Opinion 15.11.2012 – Not too late to join the dots


Things are starting to go wrong for coal and gas. A slump in commodities prices has taken the heat out of the market sparking mine closures and project delays. Now the information flow has turned decidedly negative. New reports into the science, the economics and the corrupt politics emerge daily and although the NSW government has its head in the sand, cracks are beginning to show.

Information concerning the level of the states finances has been shown to be incorrect by the Auditor General. The budget cutbacks to the government departments, CMA’s etc and the fast tracking of fossil fuel projects appear to be ideologically based rather than due to the dire warnings from Treasury.

This week three major reports into the impacts of coal and gas mining have been released and this is on the back of the ongoing ICAC inquiry and the earlier report into Coal Harms from the University of Sydney.

The Sydney Uni  report is still causing shockwaves in the Hunter Valley as Federal Politicians are coming out in favor of a Parliamentary Inquiry into the health impacts from coal.

On Tuesday the report by Prof John Williams entitled the Analysis of CSG Production and Natural Resource Management said that “it is clear that potential impacts on water resources are significant” and these impacts “require very careful attention, and merit being the focus of much public concern”.

On Wednesday the release of the fugitive and migratory emissions measurements by Southern Cross University in the Tara Estates in Queensland has found greenhouse gas emissions three times higher than nearby districts. According to researchers, the methane gas is “leaking up through the soil and bubbling up through rivers at an astonishing rate”.

The measurement of these emissions is important as the carbon price on such emissions could effectively shut down the industry.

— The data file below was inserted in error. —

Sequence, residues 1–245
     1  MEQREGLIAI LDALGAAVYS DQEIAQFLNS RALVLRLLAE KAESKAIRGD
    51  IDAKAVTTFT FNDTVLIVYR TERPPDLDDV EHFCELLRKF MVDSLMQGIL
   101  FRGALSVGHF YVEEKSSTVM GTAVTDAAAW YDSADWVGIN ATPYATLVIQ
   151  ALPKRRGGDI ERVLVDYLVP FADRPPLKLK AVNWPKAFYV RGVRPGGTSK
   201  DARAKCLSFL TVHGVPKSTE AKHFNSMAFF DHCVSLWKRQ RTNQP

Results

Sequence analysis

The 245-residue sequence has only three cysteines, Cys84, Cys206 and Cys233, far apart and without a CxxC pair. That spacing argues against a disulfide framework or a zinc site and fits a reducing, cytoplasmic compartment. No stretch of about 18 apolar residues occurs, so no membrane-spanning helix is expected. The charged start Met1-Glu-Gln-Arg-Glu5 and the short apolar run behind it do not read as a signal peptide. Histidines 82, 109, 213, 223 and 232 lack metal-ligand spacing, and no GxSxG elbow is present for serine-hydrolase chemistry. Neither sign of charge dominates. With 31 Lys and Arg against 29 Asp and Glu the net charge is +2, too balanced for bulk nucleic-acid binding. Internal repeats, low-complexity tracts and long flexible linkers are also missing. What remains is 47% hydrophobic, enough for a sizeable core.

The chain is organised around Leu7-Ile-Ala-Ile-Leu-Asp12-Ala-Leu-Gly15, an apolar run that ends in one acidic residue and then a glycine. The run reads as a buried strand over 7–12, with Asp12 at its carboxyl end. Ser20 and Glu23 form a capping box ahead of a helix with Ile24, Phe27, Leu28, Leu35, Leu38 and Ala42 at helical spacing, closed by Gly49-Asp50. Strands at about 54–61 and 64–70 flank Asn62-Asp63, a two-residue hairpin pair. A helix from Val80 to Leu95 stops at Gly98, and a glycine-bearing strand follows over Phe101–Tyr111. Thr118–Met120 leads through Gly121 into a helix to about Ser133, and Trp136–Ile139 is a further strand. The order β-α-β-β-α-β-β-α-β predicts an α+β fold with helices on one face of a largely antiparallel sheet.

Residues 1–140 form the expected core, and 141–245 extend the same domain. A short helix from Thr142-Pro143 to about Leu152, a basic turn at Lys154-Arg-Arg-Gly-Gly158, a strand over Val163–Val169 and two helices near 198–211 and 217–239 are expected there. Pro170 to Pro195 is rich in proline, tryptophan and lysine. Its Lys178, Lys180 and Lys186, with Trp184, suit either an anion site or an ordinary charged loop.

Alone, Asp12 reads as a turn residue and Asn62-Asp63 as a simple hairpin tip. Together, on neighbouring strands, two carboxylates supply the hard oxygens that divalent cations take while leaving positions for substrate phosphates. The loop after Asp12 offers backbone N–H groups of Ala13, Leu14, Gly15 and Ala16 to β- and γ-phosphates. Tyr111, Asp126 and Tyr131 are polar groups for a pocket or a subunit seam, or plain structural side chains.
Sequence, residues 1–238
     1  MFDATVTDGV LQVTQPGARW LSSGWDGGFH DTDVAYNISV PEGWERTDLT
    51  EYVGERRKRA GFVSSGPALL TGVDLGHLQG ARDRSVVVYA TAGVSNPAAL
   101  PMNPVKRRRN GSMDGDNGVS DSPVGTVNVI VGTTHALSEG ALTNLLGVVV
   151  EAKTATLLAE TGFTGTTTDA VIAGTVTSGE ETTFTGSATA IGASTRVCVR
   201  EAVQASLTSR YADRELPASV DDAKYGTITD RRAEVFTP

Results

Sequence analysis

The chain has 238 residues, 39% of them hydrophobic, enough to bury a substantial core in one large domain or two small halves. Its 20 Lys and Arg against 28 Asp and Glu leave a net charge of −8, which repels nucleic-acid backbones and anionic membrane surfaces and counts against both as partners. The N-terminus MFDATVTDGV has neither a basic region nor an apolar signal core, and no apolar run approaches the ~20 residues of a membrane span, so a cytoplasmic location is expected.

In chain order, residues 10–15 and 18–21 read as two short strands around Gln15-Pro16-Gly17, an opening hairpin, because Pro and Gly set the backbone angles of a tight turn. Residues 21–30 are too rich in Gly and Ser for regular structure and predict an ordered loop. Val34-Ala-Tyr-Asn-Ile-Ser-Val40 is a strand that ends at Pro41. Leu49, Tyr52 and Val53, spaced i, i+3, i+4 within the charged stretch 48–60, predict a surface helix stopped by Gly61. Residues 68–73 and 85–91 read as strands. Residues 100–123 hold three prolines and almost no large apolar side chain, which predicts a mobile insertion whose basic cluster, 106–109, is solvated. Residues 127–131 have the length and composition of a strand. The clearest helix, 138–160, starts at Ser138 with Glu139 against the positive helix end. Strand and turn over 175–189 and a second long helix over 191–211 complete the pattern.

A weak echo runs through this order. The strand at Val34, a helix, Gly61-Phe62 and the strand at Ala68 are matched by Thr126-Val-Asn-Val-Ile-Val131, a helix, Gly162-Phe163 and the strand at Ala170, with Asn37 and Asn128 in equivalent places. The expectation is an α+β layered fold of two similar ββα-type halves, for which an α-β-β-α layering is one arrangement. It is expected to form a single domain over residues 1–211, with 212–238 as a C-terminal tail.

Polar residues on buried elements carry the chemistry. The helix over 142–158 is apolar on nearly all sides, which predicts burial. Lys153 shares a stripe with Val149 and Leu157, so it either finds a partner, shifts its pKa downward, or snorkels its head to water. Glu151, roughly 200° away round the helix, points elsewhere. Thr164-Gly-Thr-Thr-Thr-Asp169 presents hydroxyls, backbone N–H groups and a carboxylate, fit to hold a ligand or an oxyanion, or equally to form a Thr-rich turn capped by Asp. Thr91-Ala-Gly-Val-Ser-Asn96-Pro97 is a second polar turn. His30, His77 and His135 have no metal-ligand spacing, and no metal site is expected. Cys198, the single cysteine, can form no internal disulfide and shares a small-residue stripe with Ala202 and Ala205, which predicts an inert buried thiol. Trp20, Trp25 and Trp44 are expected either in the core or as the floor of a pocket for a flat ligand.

Also on Wednesday, the “Beating around the Bush” report from the Australia Institute shows the impact of the mining boom on our agricultural Industries and our regional communities from a historically high Aussie Dollar.

The report shows that the impacts of the high exchange rate have slashed $43.5 billion from rural export income since the beginning of the mining boom and $14.9 billion in 2010 – 2011. This directly impacts regional Australia as the profits and the input dollars from rural industries stay in regional economies rather than flow to large corporate contractors and foreign owned share holders.

The Australia Institute report concludes that the mining boom has not been managed well.

Meanwhile in the big smoke, the ICAC enquiry heard that both Premiers Rees and Iemma were bought down by allegedly corrupt coal interests. The politics behind local projects in the North West are also murky and in response the current Planning Minister is running a hands off planning process whereby public servants are calling the shots.

All this is against a scenario described by the International Energy Agency’s 2012 Outlook released this month. The Outlook found that at least two thirds of known fossil fuel reserves must never be mined if the world is to avoid the 2 degree average warming that will trigger catastrophic runaway climate change.

Joining the dots is troubling indeed, yet, the findings are in. Our health, our environment, the climate, the economy and now our political party system are threatened by conflicted or corrupted state governments, sectional interests and their risky industries.